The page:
Did she have other men besides your brothers?"

"How would I know?" Vasant Rao waved his hand, dismissing the question
as insignificant. "I suppose it's possible. But after she died I
decided I'd had enough of wives and women. I took a vow of chastity.
There's the legend of a god named Hanumanji, who took on the flesh of a
monkey and who gained insuperable strength by retaining his semen. It
made him invulnerable." Vasant Rao smiled. "So far it's worked for me
as well. But to protect the charm, I eat no meat and drink a glass of
opium each day."

The Rajput suddenly spurred his mount toward the head of the caravan.
The sun had disappeared behind a heavy bank of storm clouds in the
west, and the road had already begun to darken. The river was probably
still another hour away, perhaps two hours.

Hawksworth studied Vasant Rao's tall, commanding form, sitting erect
and easy in the saddle.

Sweet Jesus, he thinks he's invulnerable because he avoids women and
drinks opium. Rajputs are even madder than the damned Turks. And he
thinks the high castes rule by the will of God. I wonder what the low
castes think?

Hawksworth puzzled through the Rajput's words and half-dozed in the
saddle until he realized they were finally approaching the river.
Ahead, past groves of mango trees, lay a sandy expanse leading down
toward the water's edge. As they approached, Vasant Rao sent some of
his horsemen to scout along the riverbank in both directions to find a
shallow spot for crossing. The caravan followed the stream for half a
_kos_, then halted on a sandy plain that sloped gradually down toward
the wide stream. The water rippled slightly all the way across,
signifying there were no lurking depths to swallow a cart.

The sun was dying, washing a veneer of gold over the high dark clouds
threatening in the east. The smell of rain hinted in the evening air.
Vasant Rao peered across the water's darkening surface for a time,
while the drivers waited patiently for orders to begin crossing, then
he turned to the waiting Rajputs.

"The light is too far gone." He stroked the mane of his gray stallion
and again studied the clouds building where the sun had been. "It's
safer to camp here and cross in the morning."

He signaled the head driver and pointed the Rajputs toward a sandy
expanse close to the water's edge. In moments the drivers were urging
their teams toward the spot, circling them in preparation for the
night.

"The carts will go on the riverside, and we'll camp here." He specified
areas for the Rajputs and the drivers, and then he turned to Hawksworth
and pointed out a large mango tree. "Your tent can go there."

Hawksworth had been required by the Rajputs to keep a separate area for
his campfire and cooking. Vasant Rao had explained the reasons the
first evening of the journey.

"Food is merely an external part of the body, Captain, so naturally it
must be kept from pollution. Food is transformed into blood, and the
blood eventually turns to flesh, the flesh to fat, and the fat to
marrow. The marrow turns to semen, the life-force. Since you have no
caste, a Rajput would become polluted if he allowed you to touch his
food, or even the pots in which he cooked."

Hawksworth's driver, being a low caste, had no objection to cooking and
eating with the English ambassador. Their diet on the trip had been
simple. The Rajputs lived mainly on game they killed as they rode,
though some occasionally ate fish. A few seemed to subsist on rice,
wheat cakes, and boiled lentils. That night, as an experiment,
Hawksworth ordered his driver, Nayka, to prepare a dinner of whatever
he himself was having. Then he reclined against his saddle, poured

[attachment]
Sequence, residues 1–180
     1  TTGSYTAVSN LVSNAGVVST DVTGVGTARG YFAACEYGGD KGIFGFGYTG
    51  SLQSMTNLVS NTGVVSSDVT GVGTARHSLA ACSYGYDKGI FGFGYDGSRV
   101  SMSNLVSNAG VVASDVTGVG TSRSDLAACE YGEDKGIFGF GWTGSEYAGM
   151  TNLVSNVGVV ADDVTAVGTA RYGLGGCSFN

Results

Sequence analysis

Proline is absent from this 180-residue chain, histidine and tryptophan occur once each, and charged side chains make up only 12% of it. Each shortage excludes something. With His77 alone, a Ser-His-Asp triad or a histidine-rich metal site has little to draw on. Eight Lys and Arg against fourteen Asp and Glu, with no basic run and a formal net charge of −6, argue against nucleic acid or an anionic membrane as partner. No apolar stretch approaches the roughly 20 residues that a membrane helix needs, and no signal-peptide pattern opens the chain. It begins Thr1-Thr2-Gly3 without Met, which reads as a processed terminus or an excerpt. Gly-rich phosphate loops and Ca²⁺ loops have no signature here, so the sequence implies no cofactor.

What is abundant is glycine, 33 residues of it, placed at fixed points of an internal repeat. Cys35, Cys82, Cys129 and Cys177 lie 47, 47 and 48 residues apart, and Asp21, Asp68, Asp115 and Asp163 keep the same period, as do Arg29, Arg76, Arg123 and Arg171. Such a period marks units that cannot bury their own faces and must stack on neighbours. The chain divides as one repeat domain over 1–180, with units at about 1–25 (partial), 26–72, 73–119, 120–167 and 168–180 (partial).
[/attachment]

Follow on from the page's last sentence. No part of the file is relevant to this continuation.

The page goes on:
himself a tankard of brandy, and watched the preparations.

Nayka struck up a fire of twigs, to ignite the chips of dried

cow dung used for the real cooking, and then he began to heat a curved
pan containing _ghee_, butter that had been boiled and strained to
prevent rancidity. Although the Rajputs cooked in vegetable oil, Nayka
had insisted from the first that a personage as important as the
English _feringhi_ should eat only clarified butter. The smoldering
chips of dung took a long time to heat, but finally the ghee seemed
ready. Nayka had ground spices as he waited, and he began to throw them
into the hot fat to sputter. Then he chopped vegetables and dropped
them in to fry. In a separate pot he was already boiling lentils,
together with a yellow spice he called turmeric. As the meal neared
readiness, he began to fry _chappatis_, thin patties of unleavened
wheat flour mixed with water and ghee. Then Hawksworth watched in shock
as Nayka discreetly dropped a coal of burning cow dung into the pot of
cooking lentils.

"What the hell was that?"

"Flavoring, Captain Sahib." Nayka's Turkish had been learned through
procuring women for Turkish seamen, and it was heavily accented and
abrupt. "It's the secret of the flavor of our lentils."

"Is that 'high-caste' practice?"

"I think it is the same for all." Nayka examined him for a moment,
twisting his head deferentially. "Does the Sahib know about caste?"

"I know it's a damnable practice."

"The Sahib says what the Sahib says, but caste is a very good thing."

"How do you figure that?"

"Because I will be reborn a Brahmin. I went to a soothsayer who told
me. My next life will be marvelous."

"But what about this life?"

"My present birth was due to a very grave mistake. The soothsayer
explained it. He said that in my last life I was a Rajput. Once I
ordered my cook to prepare a gift for some Brahmins, to bake bread for
them, and inside the bread I had put gold. It was an act of great
merit. But the faithless cook betrayed me. He stole the gold and put
stones in its place. The Brahmins were very insulted, but no one ever
told me why. Because I had insulted Brahmins, I was reborn as I am. But
my next life will be different. I will be rich and have many women.
Like a Brahmin or a Rajput." Nayka's eyes gleamed in anticipation.

"The improvement in money I can understand." Hawksworth examined
Nayka's ragged dhoti. "But what does it matter when it comes to women?
There seems to be plenty of randy women to go around, in all castes."